You may also see reference to something called "circuits".  This is basically a collective of salons and often organised by national bodies within one or more countries.  The idea is very similar - you submit images for each section but instead of going to one salon, the same set of photos goes to three or more linked salons for judging.  As a result, it's possible to pay for one submission to a circuit and get far more acceptances or chances of an award than entering a single salon.  There are some technical limitations I will talk about later but the main drawback is that it's usually more expensive to enter a circuit than a salon, but almost always cheaper than entering the same number of individual salons.  For now, don't worry too much about circuits.

What's the point?

Unless you're a stunning pohotographer with a huge portfolio of world class images, the goal of most photographers entering a salon is to earn acceptances.  This means your photograph is officially recorded as meeting a minimum standard by the salon judges and they want to include it in that year's suite of exhibited images.  These acceptances then tie-in to the governing bodies I mentioned.  FIAP & PSA are the two best known ones though others are starting to emerge.  

FIAP - Fédération Internationale de l'Art Photographique, is an international association of photography comprised of more than 85 national associations.  For example, the PAGB in the UK, or the PSS in Singapore, are national bodies that are affiliated with FIAP.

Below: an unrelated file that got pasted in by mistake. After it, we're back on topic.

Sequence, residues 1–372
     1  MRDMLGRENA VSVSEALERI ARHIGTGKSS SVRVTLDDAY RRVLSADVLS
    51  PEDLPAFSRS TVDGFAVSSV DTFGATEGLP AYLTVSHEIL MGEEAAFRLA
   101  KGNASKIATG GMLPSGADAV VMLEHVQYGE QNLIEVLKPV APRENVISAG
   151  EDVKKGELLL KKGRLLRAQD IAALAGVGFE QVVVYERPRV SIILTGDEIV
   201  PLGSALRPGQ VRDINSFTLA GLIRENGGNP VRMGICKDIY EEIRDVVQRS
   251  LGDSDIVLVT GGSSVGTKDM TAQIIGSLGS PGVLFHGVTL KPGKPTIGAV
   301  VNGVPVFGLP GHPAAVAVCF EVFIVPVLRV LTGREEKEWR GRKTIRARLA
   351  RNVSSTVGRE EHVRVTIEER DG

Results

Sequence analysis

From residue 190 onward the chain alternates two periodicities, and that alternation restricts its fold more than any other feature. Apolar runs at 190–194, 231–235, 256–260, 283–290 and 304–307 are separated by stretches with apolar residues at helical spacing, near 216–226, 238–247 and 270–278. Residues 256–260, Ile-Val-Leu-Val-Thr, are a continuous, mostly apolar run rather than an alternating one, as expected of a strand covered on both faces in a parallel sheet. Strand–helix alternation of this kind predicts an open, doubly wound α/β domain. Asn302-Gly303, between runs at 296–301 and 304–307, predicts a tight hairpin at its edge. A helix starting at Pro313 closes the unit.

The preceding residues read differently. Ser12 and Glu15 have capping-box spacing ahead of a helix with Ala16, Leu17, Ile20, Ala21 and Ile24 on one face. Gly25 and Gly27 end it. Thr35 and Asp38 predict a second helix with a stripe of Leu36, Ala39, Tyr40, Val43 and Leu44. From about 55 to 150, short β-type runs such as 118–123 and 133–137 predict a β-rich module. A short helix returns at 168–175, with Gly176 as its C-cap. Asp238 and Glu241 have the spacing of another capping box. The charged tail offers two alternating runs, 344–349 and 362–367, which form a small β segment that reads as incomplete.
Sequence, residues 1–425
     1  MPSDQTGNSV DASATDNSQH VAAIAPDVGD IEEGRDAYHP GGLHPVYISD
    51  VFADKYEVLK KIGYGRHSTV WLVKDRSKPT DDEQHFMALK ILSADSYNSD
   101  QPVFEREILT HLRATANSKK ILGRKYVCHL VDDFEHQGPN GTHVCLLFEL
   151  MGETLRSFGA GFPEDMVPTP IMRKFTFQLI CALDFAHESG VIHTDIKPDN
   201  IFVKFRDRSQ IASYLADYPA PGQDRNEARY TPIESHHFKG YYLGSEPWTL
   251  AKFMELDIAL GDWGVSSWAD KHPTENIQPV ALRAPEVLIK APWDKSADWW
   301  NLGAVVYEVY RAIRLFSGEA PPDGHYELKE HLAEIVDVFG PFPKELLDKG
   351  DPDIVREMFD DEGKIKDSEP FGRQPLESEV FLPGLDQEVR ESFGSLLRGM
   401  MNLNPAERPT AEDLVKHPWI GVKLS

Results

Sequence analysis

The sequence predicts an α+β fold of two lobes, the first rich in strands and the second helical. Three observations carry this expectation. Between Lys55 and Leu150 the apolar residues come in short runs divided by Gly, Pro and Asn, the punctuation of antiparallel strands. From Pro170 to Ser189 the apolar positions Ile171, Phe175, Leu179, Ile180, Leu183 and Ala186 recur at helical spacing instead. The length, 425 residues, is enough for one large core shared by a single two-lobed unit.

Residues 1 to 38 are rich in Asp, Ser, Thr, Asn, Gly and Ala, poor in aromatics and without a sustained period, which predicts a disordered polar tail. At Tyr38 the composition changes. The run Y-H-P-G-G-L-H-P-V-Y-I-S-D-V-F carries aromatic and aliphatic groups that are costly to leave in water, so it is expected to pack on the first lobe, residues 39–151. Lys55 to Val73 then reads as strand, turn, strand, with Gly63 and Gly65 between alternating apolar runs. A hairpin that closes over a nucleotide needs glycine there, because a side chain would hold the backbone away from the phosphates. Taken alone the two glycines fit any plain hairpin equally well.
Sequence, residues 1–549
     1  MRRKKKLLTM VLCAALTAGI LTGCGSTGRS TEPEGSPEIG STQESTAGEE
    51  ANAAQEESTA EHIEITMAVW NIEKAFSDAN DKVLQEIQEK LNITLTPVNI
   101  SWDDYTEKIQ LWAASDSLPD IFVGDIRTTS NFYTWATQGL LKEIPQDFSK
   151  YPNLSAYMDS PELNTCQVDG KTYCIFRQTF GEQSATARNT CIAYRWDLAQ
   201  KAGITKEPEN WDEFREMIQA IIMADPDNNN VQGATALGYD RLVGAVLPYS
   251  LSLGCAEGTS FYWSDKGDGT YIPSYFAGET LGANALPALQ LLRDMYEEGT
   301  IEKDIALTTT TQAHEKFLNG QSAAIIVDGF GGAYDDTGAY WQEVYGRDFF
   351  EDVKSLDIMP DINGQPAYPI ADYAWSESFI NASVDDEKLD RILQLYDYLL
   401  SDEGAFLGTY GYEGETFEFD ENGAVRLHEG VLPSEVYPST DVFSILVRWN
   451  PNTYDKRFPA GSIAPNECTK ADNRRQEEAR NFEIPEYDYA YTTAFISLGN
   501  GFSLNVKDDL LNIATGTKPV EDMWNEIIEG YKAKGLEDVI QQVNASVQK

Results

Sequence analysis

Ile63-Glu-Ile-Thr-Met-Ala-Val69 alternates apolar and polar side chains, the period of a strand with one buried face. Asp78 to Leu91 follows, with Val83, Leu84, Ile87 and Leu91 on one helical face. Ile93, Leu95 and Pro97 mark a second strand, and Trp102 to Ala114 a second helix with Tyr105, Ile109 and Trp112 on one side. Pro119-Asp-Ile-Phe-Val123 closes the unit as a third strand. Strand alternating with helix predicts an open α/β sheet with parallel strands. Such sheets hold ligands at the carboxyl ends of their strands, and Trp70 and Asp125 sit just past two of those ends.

PSA - Photographic Society of America is, despite its name, another international association but differs from FIAP that it offers membership to individuals, clubs and national bodies.  It also has other activities for indivudual photographers to become involved in beyond exhibition patronage.

These bodies differ in history & where they are based but their stated goals are essentially to further photography as an art form & hobby, to provide standards in international exhibitions and to recognise & reward skilled photographers.  Each has different levels of support it offers to individuals in terms of learning opportunities but in the context of this guide, they exist to set standards and provide the awards you compete for when entering a salon.

They also offer accreditations for ongoing successful acceptances & awards over time.

Tell me more about accreditations

For most photographers acceptances are the main incentive for entering an exhibition. Awards are lovely but as anyone who has ever entered a photographic competition knows, judges are fickle with wildly differing tastes.  Our art is extremely subjective!